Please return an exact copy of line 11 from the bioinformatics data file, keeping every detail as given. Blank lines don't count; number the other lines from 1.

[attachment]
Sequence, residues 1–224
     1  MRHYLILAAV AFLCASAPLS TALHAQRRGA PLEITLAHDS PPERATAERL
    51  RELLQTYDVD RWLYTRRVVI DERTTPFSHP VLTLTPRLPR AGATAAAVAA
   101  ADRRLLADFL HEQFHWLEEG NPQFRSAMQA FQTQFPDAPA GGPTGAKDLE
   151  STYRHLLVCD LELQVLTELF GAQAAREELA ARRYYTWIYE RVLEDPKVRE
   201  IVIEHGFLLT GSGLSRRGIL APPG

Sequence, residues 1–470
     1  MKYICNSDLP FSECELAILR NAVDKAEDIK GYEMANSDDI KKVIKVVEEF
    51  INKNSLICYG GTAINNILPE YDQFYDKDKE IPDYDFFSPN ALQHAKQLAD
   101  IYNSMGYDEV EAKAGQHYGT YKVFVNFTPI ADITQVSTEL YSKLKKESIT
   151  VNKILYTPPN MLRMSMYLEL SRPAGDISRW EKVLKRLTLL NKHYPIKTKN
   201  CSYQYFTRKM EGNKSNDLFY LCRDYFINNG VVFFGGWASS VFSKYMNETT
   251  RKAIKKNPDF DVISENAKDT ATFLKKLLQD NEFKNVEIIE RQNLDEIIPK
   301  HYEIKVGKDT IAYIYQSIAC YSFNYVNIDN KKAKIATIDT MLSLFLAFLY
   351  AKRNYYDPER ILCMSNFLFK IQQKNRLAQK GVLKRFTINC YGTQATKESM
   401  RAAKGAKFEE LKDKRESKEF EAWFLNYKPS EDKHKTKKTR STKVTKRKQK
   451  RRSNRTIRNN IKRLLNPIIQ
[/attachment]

   151  VNKILYTPPN MLRMSMYLEL SRPAGDISRW EKVLKRLTLL NKHYPIKTKN